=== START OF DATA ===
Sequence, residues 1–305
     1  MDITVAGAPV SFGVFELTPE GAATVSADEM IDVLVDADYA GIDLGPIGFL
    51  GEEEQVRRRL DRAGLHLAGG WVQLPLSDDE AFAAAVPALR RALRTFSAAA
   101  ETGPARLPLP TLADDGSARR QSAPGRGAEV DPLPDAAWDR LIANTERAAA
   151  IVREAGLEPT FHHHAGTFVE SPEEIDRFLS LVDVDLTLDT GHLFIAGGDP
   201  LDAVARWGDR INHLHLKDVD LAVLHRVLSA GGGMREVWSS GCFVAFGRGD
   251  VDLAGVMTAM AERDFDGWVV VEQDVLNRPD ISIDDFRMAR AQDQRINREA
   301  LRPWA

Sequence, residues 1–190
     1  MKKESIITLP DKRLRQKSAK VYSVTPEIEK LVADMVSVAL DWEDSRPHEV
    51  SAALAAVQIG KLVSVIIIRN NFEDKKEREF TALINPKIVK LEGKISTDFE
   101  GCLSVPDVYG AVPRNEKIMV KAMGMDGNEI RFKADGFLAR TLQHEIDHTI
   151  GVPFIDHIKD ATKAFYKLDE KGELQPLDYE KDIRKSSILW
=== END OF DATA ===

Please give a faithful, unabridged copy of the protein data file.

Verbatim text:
Sequence, residues 1–305
     1  MDITVAGAPV SFGVFELTPE GAATVSADEM IDVLVDADYA GIDLGPIGFL
    51  GEEEQVRRRL DRAGLHLAGG WVQLPLSDDE AFAAAVPALR RALRTFSAAA
   101  ETGPARLPLP TLADDGSARR QSAPGRGAEV DPLPDAAWDR LIANTERAAA
   151  IVREAGLEPT FHHHAGTFVE SPEEIDRFLS LVDVDLTLDT GHLFIAGGDP
   201  LDAVARWGDR INHLHLKDVD LAVLHRVLSA GGGMREVWSS GCFVAFGRGD
   251  VDLAGVMTAM AERDFDGWVV VEQDVLNRPD ISIDDFRMAR AQDQRINREA
   301  LRPWA

Sequence, residues 1–190
     1  MKKESIITLP DKRLRQKSAK VYSVTPEIEK LVADMVSVAL DWEDSRPHEV
    51  SAALAAVQIG KLVSVIIIRN NFEDKKEREF TALINPKIVK LEGKISTDFE
   101  GCLSVPDVYG AVPRNEKIMV KAMGMDGNEI RFKADGFLAR TLQHEIDHTI
   151  GVPFIDHIKD ATKAFYKLDE KGELQPLDYE KDIRKSSILW